It's Goodbye Mr Chips: Just one of 200,000 surnames now extinct in England and Wales
Many familiar surnames have died out since 1901
Woodbead, Rummage and Jarsdel among others under threatFamous names such as Mirren, Bonneville and Nighy could also go
01:41 GMT, 22 February 2013
08:01 GMT, 22 February 2013
Actor Martin Clunes playing Mr Chips in the the classic novel – a surname which is one of 200,000 now extinct
For the schoolmaster of the classic novel, ‘Mr Chips’ was an affectionate nickname.
And sadly it seems that’s the only way it will survive.
‘Chips’, once popular in Middlesex and Essex, is one of 200,000 surnames which have disappeared from England and Wales over the past 100 years.
Others said to be extinct – with fewer than five left on the census – include Woodbead, Rummage and Jarsdel.
Some very familiar names are also on their way out, according to the research by family history website ancestry.co.uk. The surnames of Helen Mirren, Hugh Bonneville and Bill Nighy are all at risk of vanishing within a couple of generations.
In 2001, 50 people or fewer were called Mirren, Nighy or Bonneville. The study compared the prevalence of surnames in that year with the 1901 census.
The researchers also compiled a list of the traditional surnames which are dying out the fastest.
That was topped by William, which was the 374th most common surname in 1901 but has fallen to 12,500th today. Others include Clegg, Sutcliffe and Kershaw. In some cases the decline is because other names have become more common, particularly Scottish, Irish and foreign surnames.
The researchers said many of the names which had vanished since 1901 had been anglicised by their owners. Immigrants coming to Britain would often do this to ‘fit in’ or avoid complications with spelling.
A spokesman for ancestry.co.uk said: ‘This trend persists but to a far lesser degree today, accounting for just 6 per cent of current British residents who have changed their names.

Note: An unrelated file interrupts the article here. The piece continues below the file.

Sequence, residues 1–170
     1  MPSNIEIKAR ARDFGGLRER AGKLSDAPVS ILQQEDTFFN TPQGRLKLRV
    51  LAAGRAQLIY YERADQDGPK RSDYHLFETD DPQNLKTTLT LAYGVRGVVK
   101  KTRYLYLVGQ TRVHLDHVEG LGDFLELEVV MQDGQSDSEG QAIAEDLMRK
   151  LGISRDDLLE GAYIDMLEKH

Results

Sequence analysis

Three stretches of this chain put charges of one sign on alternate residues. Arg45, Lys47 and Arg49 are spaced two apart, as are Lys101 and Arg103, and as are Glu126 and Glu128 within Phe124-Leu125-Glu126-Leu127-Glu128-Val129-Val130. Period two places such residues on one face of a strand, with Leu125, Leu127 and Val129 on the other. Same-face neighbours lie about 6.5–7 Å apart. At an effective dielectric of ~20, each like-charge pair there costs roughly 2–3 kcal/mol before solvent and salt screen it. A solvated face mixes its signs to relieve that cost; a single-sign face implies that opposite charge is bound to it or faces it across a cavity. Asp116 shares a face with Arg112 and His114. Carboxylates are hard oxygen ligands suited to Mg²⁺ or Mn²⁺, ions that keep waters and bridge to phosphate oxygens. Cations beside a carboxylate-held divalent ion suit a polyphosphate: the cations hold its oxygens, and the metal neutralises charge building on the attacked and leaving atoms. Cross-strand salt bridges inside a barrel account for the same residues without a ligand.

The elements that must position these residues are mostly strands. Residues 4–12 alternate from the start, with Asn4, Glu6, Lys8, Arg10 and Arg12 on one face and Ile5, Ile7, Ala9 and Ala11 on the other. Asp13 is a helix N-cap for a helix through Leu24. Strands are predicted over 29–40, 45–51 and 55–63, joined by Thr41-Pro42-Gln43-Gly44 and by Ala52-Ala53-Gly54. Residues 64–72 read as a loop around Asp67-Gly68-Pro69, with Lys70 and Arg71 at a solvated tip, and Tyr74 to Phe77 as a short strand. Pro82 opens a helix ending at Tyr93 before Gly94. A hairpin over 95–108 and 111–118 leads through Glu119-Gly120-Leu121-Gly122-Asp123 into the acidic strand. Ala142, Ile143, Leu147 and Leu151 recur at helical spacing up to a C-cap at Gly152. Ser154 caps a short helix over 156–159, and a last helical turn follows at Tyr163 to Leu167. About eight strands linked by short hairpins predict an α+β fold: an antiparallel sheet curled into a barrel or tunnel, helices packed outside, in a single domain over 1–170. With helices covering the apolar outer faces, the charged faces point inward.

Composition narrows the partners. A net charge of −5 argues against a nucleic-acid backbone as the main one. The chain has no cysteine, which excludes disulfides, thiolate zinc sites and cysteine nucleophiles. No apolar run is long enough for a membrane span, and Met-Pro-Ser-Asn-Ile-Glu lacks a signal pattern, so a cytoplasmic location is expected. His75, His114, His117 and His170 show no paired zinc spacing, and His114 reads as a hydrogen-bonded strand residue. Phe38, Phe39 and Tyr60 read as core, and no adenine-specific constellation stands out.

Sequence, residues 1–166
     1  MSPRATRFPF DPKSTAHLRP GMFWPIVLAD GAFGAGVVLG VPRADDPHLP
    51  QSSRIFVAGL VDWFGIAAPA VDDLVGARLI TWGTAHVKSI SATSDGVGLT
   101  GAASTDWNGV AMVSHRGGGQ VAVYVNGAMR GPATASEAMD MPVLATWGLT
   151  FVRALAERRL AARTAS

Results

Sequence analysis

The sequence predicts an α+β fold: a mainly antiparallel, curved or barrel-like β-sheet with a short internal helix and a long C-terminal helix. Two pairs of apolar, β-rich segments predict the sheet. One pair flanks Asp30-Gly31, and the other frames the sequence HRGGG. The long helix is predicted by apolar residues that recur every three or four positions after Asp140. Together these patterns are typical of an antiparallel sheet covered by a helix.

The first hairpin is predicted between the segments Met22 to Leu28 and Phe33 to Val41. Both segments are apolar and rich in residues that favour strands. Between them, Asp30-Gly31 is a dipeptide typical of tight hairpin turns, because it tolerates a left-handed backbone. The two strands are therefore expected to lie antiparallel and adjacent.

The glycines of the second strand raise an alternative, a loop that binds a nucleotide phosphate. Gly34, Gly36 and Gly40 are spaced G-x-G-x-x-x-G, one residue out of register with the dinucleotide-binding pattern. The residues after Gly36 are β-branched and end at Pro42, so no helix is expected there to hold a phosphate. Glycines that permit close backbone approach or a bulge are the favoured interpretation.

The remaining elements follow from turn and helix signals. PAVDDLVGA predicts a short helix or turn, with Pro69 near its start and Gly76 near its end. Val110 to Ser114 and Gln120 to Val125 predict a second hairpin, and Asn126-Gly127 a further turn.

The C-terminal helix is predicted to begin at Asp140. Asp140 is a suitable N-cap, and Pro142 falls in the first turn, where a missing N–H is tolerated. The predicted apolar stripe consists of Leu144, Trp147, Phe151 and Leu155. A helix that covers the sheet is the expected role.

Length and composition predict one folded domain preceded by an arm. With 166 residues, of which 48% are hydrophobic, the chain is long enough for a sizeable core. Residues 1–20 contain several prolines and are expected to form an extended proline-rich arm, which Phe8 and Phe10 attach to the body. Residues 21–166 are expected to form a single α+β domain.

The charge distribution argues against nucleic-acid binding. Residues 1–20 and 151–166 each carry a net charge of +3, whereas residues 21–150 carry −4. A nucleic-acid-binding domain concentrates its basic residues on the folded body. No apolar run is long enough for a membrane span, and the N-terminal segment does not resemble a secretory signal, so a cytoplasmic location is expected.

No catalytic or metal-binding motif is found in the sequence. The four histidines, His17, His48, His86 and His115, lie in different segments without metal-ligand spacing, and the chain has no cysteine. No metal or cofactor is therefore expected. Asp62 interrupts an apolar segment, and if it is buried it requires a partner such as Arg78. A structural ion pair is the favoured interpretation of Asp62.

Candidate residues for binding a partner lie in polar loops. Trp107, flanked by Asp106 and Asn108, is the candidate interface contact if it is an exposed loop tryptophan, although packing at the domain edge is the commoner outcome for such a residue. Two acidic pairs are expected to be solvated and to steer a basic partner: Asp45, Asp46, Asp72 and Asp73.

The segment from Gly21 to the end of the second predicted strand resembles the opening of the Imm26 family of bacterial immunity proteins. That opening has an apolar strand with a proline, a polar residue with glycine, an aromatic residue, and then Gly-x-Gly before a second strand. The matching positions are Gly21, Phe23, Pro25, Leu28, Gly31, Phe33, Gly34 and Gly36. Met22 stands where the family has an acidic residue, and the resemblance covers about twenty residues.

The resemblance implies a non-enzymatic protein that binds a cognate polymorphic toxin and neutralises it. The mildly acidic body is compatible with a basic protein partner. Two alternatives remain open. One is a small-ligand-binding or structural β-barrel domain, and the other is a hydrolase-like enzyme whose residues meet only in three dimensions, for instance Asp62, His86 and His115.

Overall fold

‘One famous example of this trend is Helen Mirren, who was born Helen Mironoff before her Russian father changed the family name to Mirren in the 1950s.’
Under threat: The surnames of Helen Mirren, left, and Bill Nighy, right, could be lost in a few generations
The First World War also played a part in ‘wiping out’ some names.
spokesman added: ‘Unfortunately, when specific battalions suffered mass
casualties during the conflict, whole towns or villages would lose a
generation of young men. In the early 20th century many names were
common, or exclusive, to an area, so such catastrophes could easily wipe
specific surnames off the map.’
study also found that people with rarer surnames were typically more
attached to them. This is shown in a recent spike in double-barrelled
names, which were once the preserve of the upper classes.
One in 50 Britons now has a hyphenated name, compared with one in 50,000 in 1901. Nearly half of these are preserving a family name.
As for Chips, the study found there were 33 of them listed in the 1901 census, and fewer than five in 2001.
The real name of fictional Latin master Mr Chips, who appeared in a 1934 novel by James Hilton and a film of the book five years later, was Mr Chipping. But according to the study, that is on the way out too.
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